The UNSW Sunswift solar car team cruised into the record books Friday, arriving at Sydney’s McMahon’s Point having driven from Perth to set a Guinness World Record for the lowest energy consumption while driving across Australia in an electric car.
Despite a number of setbacks over the past year, including a rear suspension failure during the 2017 Bridgestone World Solar Challenge and a battery fire in October, the team of 14 students completed the 4100km journey without a hitch and two days ahead of schedule.
“I’m so excited we made it,” said Courtney Morris, 20, a mechanical engineering student. “It’s always so nerve-wracking to see the car that you built with your own hands on the road; I’m always afraid that something could change at any moment, but it all went pretty well and the team dynamic was great.”
The car, named Violet, is the sixth-generation solar car built by Sunswift, a student-led initiative at UNSW, now in its 22nd year. To set the record, the team had to keep the car’s energy consumption to under 5.5kWh/100km. Actual energy consumption throughout the journey was an average of 3.25kWh/100km, which is about 17 times less than an average Australian car. Travelling an average of 600km a day, Violet used about the same energy per day as that of a standard household (20-24kWh). The cost to run the car from Perth to Sydney was also economical, at well under $50.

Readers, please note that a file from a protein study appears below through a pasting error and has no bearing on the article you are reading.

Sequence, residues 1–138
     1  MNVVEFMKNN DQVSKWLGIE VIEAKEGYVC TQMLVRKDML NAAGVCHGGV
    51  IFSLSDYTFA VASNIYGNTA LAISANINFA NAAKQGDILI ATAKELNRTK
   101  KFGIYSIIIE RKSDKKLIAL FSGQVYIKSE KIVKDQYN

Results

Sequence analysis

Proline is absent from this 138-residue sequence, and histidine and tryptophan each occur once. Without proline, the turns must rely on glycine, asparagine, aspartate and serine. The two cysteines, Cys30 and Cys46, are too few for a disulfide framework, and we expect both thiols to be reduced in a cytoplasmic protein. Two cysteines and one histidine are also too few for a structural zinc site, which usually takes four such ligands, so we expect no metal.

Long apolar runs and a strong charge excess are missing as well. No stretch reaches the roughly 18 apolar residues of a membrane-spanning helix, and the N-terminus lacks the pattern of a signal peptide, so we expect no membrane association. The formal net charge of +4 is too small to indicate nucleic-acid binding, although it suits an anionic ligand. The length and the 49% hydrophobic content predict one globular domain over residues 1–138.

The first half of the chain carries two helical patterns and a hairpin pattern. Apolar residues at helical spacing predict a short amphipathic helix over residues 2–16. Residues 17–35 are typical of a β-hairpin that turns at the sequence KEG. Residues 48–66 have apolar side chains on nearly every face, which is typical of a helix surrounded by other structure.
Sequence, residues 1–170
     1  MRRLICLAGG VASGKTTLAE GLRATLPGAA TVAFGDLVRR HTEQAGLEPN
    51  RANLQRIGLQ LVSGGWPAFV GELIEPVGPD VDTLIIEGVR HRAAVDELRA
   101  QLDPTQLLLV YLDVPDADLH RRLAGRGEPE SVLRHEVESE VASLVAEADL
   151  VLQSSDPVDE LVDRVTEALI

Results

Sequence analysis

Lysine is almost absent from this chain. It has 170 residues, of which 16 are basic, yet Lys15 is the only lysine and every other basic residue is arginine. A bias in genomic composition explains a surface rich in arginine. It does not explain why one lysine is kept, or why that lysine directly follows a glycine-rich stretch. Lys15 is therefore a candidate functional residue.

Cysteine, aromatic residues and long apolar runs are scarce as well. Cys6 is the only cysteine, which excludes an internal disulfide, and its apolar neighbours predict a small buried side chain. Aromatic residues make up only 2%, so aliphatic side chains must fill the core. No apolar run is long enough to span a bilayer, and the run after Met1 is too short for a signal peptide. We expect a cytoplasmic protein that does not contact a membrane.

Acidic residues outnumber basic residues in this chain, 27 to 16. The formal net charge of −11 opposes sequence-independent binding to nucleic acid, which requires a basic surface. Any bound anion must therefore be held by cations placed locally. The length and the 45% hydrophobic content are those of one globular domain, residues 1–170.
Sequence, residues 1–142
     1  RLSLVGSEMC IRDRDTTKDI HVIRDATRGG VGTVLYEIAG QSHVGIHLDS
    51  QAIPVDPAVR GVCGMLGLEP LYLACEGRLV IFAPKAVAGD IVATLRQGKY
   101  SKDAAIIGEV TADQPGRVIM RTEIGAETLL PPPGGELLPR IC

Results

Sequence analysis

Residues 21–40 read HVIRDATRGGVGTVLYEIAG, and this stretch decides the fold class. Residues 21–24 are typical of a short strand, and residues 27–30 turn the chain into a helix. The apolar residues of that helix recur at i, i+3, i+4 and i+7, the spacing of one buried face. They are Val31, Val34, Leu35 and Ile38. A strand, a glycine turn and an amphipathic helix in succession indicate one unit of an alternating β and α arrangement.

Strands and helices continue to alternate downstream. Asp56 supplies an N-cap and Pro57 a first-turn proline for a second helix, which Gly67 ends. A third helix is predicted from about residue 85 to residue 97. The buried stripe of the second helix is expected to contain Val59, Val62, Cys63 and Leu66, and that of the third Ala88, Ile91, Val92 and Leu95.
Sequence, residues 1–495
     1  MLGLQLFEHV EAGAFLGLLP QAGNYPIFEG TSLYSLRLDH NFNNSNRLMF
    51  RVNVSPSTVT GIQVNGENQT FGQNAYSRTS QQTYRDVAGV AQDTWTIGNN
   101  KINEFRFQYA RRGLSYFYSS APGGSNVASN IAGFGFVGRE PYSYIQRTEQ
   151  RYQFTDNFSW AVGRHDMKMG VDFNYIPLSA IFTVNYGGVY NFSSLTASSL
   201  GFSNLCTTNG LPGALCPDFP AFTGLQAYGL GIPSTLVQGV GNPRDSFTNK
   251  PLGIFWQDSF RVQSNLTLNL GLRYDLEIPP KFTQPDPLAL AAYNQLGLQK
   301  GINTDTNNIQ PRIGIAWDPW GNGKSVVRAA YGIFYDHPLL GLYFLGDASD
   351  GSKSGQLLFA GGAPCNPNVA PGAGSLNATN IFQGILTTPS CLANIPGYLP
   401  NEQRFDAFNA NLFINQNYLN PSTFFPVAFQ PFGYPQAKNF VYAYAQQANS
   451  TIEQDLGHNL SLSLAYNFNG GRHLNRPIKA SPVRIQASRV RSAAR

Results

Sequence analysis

UNSW Dean of Engineering Professor Mark Hoffman greeted the team at the finish line.
'Violet is lively on the road a lot, it’s not a production car and you have to kind of handle it like a horse in order to manage it on public roads. But we did it.'
“These students have pushed the boundaries of modern engineering and proven that solar powered cars are likely to be a big part of Australia’s motoring future,” he said.
“They worked extremely hard to prepare for this journey and despite setbacks, they’ve shown resilience, bounced back like professionals and got on with the job. This is what a university degree should entail – actual, hands-on experience and overcoming real-world challenges. I am incredibly proud of the calibre of young adults we have studying here at UNSW. A wholehearted congratulations to every one of you.”
Driving into Sydney was the best part of the trip, according to Hayden Smith, a 25-year-old computer science honours student.
“That’s when it finally clicked that we had crossed the country in just six days – that’s 4100km. In a car built by students,” he said. “Violet is lively on the road a lot, it’s not a production car and you have to kind of handle it like a horse in order to manage it on public roads. But we did it.”
The Sunswift team will return to their families for the holidays before returning in the new year to begin preparations for the 2019 Bridgestone World Solar Challenge next October.